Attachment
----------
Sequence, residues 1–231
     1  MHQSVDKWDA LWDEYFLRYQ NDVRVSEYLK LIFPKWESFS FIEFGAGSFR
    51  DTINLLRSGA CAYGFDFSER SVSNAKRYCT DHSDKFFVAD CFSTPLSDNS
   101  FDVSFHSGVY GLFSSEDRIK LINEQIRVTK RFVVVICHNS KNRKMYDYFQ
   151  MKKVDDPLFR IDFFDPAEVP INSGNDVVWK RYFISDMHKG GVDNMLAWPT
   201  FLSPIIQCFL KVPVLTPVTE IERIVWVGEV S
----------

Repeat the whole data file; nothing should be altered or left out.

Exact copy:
Sequence, residues 1–231
     1  MHQSVDKWDA LWDEYFLRYQ NDVRVSEYLK LIFPKWESFS FIEFGAGSFR
    51  DTINLLRSGA CAYGFDFSER SVSNAKRYCT DHSDKFFVAD CFSTPLSDNS
   101  FDVSFHSGVY GLFSSEDRIK LINEQIRVTK RFVVVICHNS KNRKMYDYFQ
   151  MKKVDDPLFR IDFFDPAEVP INSGNDVVWK RYFISDMHKG GVDNMLAWPT
   201  FLSPIIQCFL KVPVLTPVTE IERIVWVGEV S